Burden-lifting reggae band will play in Riverside Park 

In the egg-beater of spiritualized reggae and rock outfits hatching and rehatching in the mist of downtown Denver, there are some performances which come out like a Denver omelet: dependable ingredients that go well together and make you feel nice, but as a whole, something you’ve seen before a hundred times so it doesn’t really stick with you.
Red Sage founder Jordan Armijo has no problem with the “peace, love and understanding” positive vibe of many reggae-influenced modern performers. It’s just that he can’t help but see music as a sounding board for life and a vehicle for digging up some of life’s struggles by the roots. The reggae, hip-hop and blues that inspire Armijo and his crew are the fearless kinds – the kinds that help people explore adversity and overcome.
Armijo grew up in gang-infested Pueblo circles, and in his own experience there have been many wounds to the heart that he has managed to cauterize with music. This has led his craft to what he aptly calls “the blues aspect of reggae.” Red Sage’s growing catalog of music carries that weight at the same time it helps to lift away that burden. The band has a freshman EP out titled Good to be Alive, but as Armijo has added depth in personnel and songwriting to the group, they are putting the finishing touches on a new effort called Pick up the Pieces. With compositions like “Murderers,” an upbeat funk-punk-reggae fist shake at some of the systemic forces that can drag us under, Pieces is set to draw a crowd.
At a recent show in Salt Lake City, Armijo experienced some of the gratification that comes with creating socially and personally conscious music and persevering through the early years of near starvation included in that path. A young schoolteacher approached him in tears, telling of her experience with his 2016 single “Cruel World.” With a deeper rock-steady groove and trip-hoppy melody reminiscent of early No Doubt, the song chants, “It’s a cruel world/ that’s why we work to spread a little love/ A little love is all I’m dreaming of.” It explores getting real and having enough patience to chill a hot head. This teacher requested to use the song’s lyrics as a poetry project for her students. Encounters like these have been huge in helping Armijo grow into a role as one of Colorado’s young social prophets.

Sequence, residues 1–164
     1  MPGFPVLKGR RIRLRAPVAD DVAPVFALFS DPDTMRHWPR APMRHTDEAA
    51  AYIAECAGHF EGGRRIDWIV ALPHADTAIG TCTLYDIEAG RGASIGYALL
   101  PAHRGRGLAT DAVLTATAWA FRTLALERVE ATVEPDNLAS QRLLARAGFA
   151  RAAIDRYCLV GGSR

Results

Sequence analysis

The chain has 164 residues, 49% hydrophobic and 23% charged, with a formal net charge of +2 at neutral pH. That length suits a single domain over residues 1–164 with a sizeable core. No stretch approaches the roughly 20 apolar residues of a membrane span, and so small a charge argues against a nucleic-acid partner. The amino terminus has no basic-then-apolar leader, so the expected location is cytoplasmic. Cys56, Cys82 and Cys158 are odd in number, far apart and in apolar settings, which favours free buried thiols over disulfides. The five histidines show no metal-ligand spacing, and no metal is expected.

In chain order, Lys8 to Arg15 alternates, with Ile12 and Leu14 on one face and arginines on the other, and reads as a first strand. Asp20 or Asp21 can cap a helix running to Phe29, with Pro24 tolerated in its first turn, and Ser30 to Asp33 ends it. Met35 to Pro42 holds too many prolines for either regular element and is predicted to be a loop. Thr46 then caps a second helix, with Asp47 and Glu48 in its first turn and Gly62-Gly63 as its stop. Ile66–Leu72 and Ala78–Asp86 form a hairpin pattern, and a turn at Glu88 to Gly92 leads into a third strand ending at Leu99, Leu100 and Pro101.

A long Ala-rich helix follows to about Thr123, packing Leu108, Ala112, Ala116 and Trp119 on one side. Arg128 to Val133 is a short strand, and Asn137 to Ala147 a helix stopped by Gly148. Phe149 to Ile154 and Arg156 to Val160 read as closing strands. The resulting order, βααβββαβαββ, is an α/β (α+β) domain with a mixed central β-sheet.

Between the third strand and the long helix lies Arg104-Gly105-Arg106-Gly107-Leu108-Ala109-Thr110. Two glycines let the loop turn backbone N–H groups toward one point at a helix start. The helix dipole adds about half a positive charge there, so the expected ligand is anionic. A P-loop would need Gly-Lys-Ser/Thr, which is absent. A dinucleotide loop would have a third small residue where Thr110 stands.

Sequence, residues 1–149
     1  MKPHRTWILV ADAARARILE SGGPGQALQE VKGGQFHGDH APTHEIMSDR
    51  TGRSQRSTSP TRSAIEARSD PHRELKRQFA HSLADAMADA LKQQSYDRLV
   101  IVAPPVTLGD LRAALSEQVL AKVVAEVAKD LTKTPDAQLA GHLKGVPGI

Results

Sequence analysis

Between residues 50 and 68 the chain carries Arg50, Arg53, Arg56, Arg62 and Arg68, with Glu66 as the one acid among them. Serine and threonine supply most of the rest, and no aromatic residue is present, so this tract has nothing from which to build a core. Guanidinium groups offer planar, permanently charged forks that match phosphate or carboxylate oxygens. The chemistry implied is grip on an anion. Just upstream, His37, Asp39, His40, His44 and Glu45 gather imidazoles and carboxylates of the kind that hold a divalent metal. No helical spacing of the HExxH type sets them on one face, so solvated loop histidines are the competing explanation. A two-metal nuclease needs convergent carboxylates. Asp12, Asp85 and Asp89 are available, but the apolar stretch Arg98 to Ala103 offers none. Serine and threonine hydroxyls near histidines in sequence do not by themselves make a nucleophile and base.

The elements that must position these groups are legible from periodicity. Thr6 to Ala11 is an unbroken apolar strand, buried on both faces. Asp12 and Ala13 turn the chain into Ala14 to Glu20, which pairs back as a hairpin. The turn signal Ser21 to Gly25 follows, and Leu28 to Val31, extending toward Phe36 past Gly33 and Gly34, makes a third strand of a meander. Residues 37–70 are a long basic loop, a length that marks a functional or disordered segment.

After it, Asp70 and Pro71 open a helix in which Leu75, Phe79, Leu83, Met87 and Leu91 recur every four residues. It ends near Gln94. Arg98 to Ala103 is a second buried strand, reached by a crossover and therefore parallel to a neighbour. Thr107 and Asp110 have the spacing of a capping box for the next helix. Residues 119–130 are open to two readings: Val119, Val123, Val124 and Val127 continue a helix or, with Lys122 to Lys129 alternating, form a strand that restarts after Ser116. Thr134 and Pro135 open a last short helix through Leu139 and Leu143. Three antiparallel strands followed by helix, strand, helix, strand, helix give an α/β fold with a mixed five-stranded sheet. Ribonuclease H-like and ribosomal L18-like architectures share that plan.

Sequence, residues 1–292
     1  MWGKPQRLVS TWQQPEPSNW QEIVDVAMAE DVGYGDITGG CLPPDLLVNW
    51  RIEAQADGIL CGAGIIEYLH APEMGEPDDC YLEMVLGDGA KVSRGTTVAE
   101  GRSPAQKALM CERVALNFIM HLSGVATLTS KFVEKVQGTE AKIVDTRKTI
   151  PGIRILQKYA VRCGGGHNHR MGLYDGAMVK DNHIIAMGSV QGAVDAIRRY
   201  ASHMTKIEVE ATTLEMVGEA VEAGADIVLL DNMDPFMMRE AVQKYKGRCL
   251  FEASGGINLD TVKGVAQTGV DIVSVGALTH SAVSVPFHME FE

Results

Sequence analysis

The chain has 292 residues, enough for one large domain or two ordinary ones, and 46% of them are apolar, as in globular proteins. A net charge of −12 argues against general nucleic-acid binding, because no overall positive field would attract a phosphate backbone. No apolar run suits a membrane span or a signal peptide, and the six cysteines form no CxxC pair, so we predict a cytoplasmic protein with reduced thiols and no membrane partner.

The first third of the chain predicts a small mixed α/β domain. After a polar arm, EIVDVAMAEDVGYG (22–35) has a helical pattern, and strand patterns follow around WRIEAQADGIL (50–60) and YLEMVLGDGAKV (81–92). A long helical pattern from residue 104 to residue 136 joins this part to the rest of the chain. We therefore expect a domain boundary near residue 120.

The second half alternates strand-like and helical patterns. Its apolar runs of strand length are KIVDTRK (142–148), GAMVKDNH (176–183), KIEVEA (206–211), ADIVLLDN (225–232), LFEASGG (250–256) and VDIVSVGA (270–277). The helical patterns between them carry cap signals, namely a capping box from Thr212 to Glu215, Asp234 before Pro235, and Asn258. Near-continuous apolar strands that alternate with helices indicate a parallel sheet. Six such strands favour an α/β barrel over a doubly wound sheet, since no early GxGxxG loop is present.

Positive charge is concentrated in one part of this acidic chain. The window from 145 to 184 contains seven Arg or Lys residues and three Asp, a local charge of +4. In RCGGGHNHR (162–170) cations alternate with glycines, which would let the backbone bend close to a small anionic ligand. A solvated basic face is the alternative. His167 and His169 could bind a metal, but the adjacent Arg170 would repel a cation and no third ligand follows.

Armijo talks with a sage’s proficiency about balancing dark and light in his work, perhaps a subconscious intention in his band’s name. Having been through the growing pains of forming a team to help develop his vision, Armijo has recently added musicians to the band who can take the original vision and build something much more spectacular. Drew Stiles, the genre-scattering virtuoso drummer from CollieRad, earned his roots-music chops as a preteen when traveling with his family in Jamaica. They came upon a reggae band busking on the beach, and somehow the 13-year-old Stiles was asked to sit in on Bob Marley’s “Buffalo Soldier.” The little drummer so impressed these Jamaican musicians that they had him return for the next three days to give him his first clinic in rock-steady drumming.
Guitarist Nick Pauly, for whom Armijo taught himself keys so he could make room in the band, and bassist James Normandin round out Red Sage’s evolving sound with Latin, jazz and even heavy metal experience.
Red Sage plays Thursday, June 1, for the kick off of Salida Recreation’s Thursday’s at 6 concert series in Riverside Park. You can listen to “Cruel World” now, linked to the home page of arkmagazine.net.